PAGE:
Restart the world, I want to get on
What if we were to start the world again? Not going back to the original setting but starting from now. If we could recast all our institutions and organisations as well as the way we live, interact, consume and be in the world, how different would that be from what has gone before?
Of course we can take the view that we’ve done pretty well so far, on some ‘metrics’. We’ve advanced what we know, we’ve raised living standards for many, we’ve had men on the moon, we’ve largely eradicated some of the diseases that killed many, we’ve connected every corner of the world through invention of the computer and the internet.
Trade between nations that relied on extensive sea journeys (and often still does) is conducted for some goods in a fraction of the time via air freight or, in our knowledge economy, at the stroke of a key. Instantaneous.
And yet we’ve lost our way – lost the fundamental connection of our partnership with our planet and its natural cycles provoking climate change. Our progression has perpetuated inequality and division and lately hot-housed populism, protectionism, nationalism. Though we’ve closed the gaps between us and increased connection through technology deeper divisions have opened up. There is a cost here that we hadn’t factored in and will be having to pay for generations to come.
Covid-19, unwelcome as it is, is the greatest disruptor – beyond a market disruptor of the ilk of Uber or Airbnb – or even the financial crash of 2008. And it offers us a once in a generation opportunity to reset.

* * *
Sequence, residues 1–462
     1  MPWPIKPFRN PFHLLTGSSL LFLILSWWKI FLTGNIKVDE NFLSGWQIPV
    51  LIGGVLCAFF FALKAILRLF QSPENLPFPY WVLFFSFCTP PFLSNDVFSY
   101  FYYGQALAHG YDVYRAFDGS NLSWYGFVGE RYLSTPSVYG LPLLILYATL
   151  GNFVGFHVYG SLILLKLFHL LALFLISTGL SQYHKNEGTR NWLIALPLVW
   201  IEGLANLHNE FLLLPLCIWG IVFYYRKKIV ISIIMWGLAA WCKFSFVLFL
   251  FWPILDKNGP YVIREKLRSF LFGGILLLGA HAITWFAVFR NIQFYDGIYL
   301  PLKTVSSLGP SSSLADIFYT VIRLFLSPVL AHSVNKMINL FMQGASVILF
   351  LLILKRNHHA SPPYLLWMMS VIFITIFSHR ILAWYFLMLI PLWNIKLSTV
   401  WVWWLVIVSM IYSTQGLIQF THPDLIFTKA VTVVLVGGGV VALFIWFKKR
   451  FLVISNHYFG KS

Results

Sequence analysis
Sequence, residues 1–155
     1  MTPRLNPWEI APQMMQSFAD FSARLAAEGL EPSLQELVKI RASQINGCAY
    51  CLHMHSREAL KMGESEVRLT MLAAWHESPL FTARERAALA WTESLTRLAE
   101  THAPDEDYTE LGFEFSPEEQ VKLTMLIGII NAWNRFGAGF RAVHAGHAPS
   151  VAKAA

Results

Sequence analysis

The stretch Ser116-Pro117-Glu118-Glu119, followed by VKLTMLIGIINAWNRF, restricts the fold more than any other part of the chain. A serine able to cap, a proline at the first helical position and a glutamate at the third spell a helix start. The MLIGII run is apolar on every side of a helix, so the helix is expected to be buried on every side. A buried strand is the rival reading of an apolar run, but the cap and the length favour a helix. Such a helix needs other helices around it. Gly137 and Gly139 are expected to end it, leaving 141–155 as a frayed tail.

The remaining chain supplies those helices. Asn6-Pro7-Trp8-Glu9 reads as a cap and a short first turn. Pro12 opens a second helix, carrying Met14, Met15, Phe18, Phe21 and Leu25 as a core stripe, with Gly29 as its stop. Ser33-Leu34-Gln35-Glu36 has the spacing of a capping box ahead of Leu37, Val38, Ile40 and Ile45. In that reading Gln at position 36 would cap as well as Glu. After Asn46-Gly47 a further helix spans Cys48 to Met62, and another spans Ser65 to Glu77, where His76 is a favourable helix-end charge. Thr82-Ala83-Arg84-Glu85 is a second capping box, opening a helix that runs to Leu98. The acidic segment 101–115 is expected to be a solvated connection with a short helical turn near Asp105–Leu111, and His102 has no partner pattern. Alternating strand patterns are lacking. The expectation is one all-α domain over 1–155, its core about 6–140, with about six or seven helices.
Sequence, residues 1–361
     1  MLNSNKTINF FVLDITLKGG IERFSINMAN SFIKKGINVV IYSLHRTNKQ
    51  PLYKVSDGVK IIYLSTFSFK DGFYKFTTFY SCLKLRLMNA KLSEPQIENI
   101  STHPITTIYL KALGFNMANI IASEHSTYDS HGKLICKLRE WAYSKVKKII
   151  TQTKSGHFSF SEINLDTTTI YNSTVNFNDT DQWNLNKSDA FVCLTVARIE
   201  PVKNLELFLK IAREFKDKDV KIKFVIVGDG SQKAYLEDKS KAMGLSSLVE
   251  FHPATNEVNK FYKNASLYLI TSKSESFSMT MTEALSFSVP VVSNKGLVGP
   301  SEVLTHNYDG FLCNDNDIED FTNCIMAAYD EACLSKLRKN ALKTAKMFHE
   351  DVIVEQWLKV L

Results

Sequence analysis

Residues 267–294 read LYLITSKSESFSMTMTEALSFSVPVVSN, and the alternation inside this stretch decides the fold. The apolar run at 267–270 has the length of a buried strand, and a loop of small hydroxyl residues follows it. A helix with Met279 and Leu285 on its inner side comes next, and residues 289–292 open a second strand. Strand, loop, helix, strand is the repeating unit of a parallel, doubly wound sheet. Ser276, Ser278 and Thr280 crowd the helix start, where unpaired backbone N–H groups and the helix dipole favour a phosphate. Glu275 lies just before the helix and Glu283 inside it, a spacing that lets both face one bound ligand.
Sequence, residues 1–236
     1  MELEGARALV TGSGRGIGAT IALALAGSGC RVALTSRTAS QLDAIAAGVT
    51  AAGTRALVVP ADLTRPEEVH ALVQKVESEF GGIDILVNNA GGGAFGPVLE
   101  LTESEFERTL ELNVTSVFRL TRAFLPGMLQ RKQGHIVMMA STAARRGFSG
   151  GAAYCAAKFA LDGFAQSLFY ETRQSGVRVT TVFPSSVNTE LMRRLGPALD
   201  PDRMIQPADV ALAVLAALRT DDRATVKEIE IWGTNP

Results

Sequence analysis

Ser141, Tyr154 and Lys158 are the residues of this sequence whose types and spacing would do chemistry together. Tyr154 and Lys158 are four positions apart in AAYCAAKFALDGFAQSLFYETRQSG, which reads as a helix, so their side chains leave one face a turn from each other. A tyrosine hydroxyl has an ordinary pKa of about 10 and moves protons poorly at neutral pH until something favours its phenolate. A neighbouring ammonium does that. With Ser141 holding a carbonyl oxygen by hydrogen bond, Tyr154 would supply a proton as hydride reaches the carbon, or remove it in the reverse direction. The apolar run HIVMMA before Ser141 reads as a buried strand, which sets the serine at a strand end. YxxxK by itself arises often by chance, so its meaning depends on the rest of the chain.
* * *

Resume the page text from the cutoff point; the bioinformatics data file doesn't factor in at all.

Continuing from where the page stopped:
As leaders we must step up to this opportunity to recast our organisations, not waiting for Governments or others to lead the way, instead striking out on our own new direction and taking a lead that others may follow.
What would this mean? It will certainly be about orienting our organisations to contribute to building a better world for all. Thankfully with such an ambition we have the UN’s Sustainable Sustainable-Development goals to help guide our thinking and action.
It will almost certainly involve listening deeply to what our employees have to say about the world and the future, and how we best fulfil stakeholder expectations.
It will need courageous and heartful leadership where we operate from a positive regard for every individual within the business and without, and a deep respect for all life. And, as part of this, we’ll be giving our people greater freedom to decide how they do the work that’s needed and paying greater attention to their ideas and criticisms. These people are very often at the critical interface with the world we serve so why would we turn a blind ear to what they have to share?
Even if we make these changes we’ll just be getting started on what’s needed to thrive in the future. We will, though, be starting to restore the trust that has been progressively eroded over the past few decades. Reducing or eliminating this deficit is the road to healing some of the divisions that have opened up.